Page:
Review: The 13th Warrior (1999)

Composer: Jerry Goldsmith

Label: Varese Sarabande

Catalogue Nr.: VSD 6038

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Michael Crichton's adaptation of the famous Beowulf tale released in 1976 lead to the production of an adventure film in 1997 called Eaters of the Dead directed by John McTiernan. Due to problems with the film during test screenings, Crichton took over the project and made various changes. The final film, released in 1999 as The 13th Warrior after several delays, is basically a film about the clash of the middle eastern and the Viking culture around AD 922. The Arab courtier Ahmad Ibn Fadlan is sent to the barbaric north and involuntarily teams up with a band of Vikings to fight a terrifying evil called Wendols. The nice story made The 13th Warrior a decent adventure film but if you believe some reports and opinions of people involved with the project, the final film is far away from McTiernan's original concept due to re-cuts and changes made by Crichton. Veteran actor Omar Sharif was so terribly disappointed by the final film that he temporarily retired from acting.

The score:

One of the major changes made by Crichton was the rejection of Graeme Revell's score. It was then Jerry Goldsmith's task to provide the film with the necessary adventurous tone. Crichton and Goldsmith already collaborated several times before on films like Coma (1978), The Great Train Robbery (1979) and Runaway (1984) and Crichton himself stated in the liner notes that he thought 'the only person to score it was Jerry Goldsmith'. How right he was!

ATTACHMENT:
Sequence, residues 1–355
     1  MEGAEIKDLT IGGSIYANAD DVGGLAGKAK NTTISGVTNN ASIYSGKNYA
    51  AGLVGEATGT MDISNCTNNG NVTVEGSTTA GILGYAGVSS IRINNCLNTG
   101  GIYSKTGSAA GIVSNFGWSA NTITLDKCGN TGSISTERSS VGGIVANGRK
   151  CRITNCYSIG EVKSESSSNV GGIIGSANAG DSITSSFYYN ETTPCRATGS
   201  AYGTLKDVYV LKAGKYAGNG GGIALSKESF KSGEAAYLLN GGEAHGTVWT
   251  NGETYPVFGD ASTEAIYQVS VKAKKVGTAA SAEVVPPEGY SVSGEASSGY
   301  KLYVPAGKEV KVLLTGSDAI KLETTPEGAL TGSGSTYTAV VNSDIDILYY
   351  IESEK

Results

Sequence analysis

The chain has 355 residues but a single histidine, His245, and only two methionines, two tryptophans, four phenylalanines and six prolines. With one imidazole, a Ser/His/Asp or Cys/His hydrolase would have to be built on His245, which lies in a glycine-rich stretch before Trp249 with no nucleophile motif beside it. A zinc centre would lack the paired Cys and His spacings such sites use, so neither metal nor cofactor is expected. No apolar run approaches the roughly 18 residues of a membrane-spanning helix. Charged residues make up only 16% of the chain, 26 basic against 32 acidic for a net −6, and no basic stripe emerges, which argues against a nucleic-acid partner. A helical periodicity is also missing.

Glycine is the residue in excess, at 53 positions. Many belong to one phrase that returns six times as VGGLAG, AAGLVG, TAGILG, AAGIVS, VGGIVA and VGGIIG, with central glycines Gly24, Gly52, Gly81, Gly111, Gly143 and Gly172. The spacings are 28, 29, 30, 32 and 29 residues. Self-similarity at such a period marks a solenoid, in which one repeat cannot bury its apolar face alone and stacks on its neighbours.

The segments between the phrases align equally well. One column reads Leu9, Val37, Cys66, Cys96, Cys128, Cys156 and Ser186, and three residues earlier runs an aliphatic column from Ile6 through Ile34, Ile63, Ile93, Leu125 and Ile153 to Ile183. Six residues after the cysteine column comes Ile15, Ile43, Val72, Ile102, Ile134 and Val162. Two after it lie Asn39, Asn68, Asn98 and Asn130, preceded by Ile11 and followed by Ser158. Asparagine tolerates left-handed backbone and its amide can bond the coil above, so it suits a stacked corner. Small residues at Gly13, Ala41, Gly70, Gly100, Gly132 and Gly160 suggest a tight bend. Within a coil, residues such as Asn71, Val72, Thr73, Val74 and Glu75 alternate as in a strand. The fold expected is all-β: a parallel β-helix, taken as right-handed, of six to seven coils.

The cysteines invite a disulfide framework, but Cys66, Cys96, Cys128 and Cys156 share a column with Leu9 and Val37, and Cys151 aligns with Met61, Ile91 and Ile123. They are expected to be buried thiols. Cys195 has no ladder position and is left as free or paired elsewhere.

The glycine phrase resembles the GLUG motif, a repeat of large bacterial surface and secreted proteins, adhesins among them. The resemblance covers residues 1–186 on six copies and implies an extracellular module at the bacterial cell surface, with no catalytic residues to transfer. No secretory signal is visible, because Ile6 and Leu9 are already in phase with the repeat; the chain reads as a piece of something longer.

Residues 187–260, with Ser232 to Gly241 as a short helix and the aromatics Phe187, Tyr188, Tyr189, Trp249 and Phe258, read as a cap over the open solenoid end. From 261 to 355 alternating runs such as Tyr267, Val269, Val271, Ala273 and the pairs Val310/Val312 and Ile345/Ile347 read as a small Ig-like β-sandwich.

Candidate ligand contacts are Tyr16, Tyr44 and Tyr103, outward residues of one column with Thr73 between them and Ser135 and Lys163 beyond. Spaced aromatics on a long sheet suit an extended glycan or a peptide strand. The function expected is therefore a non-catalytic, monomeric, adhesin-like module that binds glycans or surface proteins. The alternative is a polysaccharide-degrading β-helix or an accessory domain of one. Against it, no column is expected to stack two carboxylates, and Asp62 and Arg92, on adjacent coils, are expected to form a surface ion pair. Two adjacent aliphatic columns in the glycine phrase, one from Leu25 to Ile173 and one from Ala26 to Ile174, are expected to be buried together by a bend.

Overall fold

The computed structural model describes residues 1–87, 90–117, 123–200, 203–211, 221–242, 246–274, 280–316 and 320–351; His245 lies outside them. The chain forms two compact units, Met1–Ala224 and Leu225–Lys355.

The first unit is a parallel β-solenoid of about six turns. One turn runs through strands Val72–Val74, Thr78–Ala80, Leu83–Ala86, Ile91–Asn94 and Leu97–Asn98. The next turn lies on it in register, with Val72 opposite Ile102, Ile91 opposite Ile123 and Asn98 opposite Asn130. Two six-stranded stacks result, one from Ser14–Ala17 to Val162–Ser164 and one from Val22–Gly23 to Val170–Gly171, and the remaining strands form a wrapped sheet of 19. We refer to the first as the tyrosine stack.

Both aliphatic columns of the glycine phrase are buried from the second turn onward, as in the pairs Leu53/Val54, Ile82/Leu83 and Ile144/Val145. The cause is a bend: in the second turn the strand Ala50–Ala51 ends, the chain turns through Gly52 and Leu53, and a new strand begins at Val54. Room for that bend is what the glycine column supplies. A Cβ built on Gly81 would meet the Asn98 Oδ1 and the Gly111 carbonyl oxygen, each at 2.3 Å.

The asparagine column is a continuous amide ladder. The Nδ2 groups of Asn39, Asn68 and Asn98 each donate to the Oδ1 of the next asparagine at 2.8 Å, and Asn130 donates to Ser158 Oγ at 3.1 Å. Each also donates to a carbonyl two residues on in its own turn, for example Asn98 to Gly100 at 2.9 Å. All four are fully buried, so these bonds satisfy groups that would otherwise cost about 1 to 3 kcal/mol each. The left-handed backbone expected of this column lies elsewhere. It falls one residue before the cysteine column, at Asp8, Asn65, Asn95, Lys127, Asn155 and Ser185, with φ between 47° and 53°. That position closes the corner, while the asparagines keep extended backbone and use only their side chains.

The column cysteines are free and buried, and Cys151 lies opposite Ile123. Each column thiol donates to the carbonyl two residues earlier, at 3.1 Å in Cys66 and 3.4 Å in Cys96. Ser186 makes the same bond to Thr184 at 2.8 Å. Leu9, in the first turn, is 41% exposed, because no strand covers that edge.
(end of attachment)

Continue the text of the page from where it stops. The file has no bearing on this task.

The score consists of two crucial musical signatures: Arabian melodies and instruments in the orchestration representing the ethnicity of Ahmad Ibn Fadlan and heavy Nordic tones for horns, male choir and percussion representing the Vikings. Goldsmith is one of the veterans when it comes to the integration of ethnic (especially Arabian) tones into his usual orchestral music and thus The 13th Warrior really benefits from Goldsmith's ability to express the clash of cultures musically. Tracks like "Sword Maker" are a nice example for that, when the heavy Viking music is interrupted by the Arabian instrumentation with tender and playful flute performances.

It is interesting to hear the score following the change of setting during the film. At the beginning when we get to know Ahmad and his story the Arabian influence dominates the music as it can be heard in the tracks "Old Bagdad" and "Exiled". As soon as the journey to the north begins, the heavy tones for the Vikings are starting to take over the score in the track "Semantics" while there are still occasional integrations of Arabian ethnic sounds for the Arab character Ahmad. The themes in this score are of a rather simple nature. The rude and brutal Vikings have a kind of heroic but slow-paced and heavy horn fanfare while the elegant Arab has a more tender motif mostly for flutes and strings reminiscent of the love theme from Goldsmith's other adventure score from that year The Mummy. The evil Wendols are represented by another horn fanfare though it sounds more brutal than the one for the Vikings. Another motif in the score is used for the fog performed by only by flutes that foreshadows the arrival of the Wendol.